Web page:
Normally the laser printer 27 is located at a different location than the press 20 and the adhesive application station 25, although it can be at the same location. Whether the forms are fed in continuous format or sheet fed format to the laser printer 27, the printer 27 prints variable indicia on the first face 14 including numerical indicia, such as indicia 29 illustrated in FIG. 2, corresponding to the fixed information fuel economy words, and variable numerical indicia 30 corresponding to the fixed indicia words regarding price. If printed in continuous format by the laser printer 27, the web 12 is then slit and burst at station 32, again utilizing a conventional slitter for slitting off the marginal portions (e.g. see 32 in FIG. 2) containing the tractor drive openings 17, and bursting the individual stickers from each other along the perforations 18. The final product 10 that is produced is illustrated in FIG. 2.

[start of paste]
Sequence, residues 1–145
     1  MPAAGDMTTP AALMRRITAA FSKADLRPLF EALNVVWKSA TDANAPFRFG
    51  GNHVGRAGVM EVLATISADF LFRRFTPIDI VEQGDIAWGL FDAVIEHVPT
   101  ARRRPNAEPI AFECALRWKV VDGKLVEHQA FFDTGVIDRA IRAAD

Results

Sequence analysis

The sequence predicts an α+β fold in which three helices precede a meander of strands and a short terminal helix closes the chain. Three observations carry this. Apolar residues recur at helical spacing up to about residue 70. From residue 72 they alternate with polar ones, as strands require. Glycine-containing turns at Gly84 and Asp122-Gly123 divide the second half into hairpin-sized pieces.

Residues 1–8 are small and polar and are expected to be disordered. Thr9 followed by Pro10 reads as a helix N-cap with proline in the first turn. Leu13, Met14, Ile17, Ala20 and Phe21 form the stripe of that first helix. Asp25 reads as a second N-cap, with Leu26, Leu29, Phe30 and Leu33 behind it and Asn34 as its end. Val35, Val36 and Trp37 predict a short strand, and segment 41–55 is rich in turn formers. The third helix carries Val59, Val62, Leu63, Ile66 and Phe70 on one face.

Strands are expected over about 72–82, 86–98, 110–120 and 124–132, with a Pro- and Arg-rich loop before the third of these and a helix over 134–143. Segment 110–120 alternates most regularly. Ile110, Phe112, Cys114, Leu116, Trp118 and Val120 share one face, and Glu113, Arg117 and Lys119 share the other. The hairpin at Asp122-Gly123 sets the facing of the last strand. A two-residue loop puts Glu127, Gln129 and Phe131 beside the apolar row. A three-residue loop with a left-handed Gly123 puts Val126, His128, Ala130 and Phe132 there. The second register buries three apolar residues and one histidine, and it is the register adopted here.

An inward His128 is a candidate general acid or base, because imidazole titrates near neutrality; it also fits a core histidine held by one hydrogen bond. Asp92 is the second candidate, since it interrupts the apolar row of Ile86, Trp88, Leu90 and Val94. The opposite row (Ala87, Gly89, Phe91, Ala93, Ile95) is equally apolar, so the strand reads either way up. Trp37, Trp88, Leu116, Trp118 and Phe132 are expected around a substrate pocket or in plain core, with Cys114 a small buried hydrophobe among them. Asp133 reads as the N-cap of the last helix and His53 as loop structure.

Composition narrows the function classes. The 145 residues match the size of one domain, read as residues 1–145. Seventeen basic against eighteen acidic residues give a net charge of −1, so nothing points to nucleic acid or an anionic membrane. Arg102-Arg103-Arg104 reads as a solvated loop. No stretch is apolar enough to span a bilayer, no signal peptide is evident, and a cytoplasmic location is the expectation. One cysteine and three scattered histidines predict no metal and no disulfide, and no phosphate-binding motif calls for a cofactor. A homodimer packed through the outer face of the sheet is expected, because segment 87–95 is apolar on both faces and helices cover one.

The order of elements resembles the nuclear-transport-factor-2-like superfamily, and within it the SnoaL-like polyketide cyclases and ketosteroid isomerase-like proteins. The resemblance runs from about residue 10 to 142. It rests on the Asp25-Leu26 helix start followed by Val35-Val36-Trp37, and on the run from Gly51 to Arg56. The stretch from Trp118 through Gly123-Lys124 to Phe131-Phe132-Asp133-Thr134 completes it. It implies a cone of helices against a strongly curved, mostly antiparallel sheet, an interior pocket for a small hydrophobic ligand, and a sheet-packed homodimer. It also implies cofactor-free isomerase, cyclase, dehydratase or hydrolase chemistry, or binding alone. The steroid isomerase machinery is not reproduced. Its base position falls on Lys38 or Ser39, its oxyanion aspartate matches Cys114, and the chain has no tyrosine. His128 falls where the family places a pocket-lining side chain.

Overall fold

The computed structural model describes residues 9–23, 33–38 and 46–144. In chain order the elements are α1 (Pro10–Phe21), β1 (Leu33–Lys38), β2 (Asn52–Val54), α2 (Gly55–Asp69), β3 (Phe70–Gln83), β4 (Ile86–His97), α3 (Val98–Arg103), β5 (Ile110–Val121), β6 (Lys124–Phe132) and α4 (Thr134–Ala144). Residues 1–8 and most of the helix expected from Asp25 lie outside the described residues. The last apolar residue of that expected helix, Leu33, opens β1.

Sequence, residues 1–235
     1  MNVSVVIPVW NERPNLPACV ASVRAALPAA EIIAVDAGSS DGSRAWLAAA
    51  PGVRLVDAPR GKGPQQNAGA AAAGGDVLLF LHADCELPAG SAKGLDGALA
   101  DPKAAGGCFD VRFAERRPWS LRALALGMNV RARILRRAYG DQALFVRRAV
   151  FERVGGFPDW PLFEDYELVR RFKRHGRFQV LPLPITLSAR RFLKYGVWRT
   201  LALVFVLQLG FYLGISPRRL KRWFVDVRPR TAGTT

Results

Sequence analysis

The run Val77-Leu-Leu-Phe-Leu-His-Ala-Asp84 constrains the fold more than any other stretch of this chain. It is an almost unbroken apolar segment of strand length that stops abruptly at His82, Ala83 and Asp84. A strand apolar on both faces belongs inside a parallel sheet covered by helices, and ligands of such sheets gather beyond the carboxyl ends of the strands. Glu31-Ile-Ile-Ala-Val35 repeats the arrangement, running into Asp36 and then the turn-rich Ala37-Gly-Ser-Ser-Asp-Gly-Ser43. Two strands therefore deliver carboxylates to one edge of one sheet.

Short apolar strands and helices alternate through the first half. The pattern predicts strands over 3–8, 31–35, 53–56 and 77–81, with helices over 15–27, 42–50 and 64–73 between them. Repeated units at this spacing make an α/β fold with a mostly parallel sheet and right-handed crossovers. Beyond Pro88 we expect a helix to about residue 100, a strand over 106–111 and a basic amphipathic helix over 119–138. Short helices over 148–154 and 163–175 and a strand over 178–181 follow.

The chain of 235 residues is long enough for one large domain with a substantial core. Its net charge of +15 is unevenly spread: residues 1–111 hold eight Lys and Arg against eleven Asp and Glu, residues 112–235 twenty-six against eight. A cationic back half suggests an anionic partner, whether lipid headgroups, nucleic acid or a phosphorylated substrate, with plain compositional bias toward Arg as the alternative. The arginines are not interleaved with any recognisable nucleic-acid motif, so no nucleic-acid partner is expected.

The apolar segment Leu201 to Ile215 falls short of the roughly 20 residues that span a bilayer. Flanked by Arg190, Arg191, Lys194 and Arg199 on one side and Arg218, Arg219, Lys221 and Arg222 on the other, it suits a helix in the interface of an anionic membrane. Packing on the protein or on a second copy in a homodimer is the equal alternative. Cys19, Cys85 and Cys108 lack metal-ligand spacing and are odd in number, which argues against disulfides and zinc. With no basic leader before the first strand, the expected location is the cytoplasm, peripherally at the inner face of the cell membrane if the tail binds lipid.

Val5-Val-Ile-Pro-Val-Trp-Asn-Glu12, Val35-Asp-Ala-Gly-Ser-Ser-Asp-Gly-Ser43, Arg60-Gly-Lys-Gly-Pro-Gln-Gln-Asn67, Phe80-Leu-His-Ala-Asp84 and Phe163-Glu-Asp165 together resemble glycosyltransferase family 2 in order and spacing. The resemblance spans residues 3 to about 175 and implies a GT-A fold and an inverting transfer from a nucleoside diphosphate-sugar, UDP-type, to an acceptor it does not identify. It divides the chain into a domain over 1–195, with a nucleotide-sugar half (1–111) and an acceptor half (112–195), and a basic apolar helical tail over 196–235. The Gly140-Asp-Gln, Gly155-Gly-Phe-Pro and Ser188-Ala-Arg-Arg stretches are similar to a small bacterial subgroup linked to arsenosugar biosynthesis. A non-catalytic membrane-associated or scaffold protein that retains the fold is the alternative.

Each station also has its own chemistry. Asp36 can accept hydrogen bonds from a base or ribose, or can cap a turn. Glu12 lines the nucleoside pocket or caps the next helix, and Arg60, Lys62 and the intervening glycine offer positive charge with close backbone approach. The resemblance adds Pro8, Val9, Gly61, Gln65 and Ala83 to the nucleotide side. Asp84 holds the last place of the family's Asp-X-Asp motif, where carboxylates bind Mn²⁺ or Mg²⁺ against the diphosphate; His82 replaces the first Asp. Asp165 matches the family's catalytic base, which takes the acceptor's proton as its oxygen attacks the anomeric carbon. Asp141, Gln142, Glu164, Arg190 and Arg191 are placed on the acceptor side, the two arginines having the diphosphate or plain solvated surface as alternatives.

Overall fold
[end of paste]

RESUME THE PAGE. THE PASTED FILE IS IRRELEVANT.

FIG. 3 illustrates an edge configuration (adjacent either edge 15 or 16) of the sticker 10 of FIG. 2 if tip-on or blow-on label techniques are utilized to apply adhesive along the edges, at station 25. Applied onto the label 12 is the tape 34 (label stock) having an adhesive 35 on one face thereof which becomes adhesively secured to the paper web 12, and adhesive 36 on the other face thereof which faces upwardly, and is covered by a release liner 37 of typical release material. The adhesive 35 may either be permanent adhesive or repositional adhesive, while the adhesive 36 is repositional adhesive.

FIG. 4 is a view like that of FIG. 3 only showing a different construction of the adhesive. In this case, a coating 39 of repositional adhesive was applied directly to the coated hydrophobic paper web 12, with a release liner 40 covering the repositional adhesive 39.

FIG. 5 shows another modification of a window sticker according to the present invention, illustrated generally by reference numeral 42. In this embodiment the only significant differences are that in addition to the strips or other patterns of repositional adhesive disposed along the first and second edges (the longitudinal edges in the direction of movement 13 of the web 12, and the top and bottom edges in the final sticker 10), repositional adhesive strips or other patterns 45, with protective release liners 46, are also disposed along third and fourth edges 47, 48 of the form 42, on the first face 49 thereof (the face containing the fixed and variable printing indicia).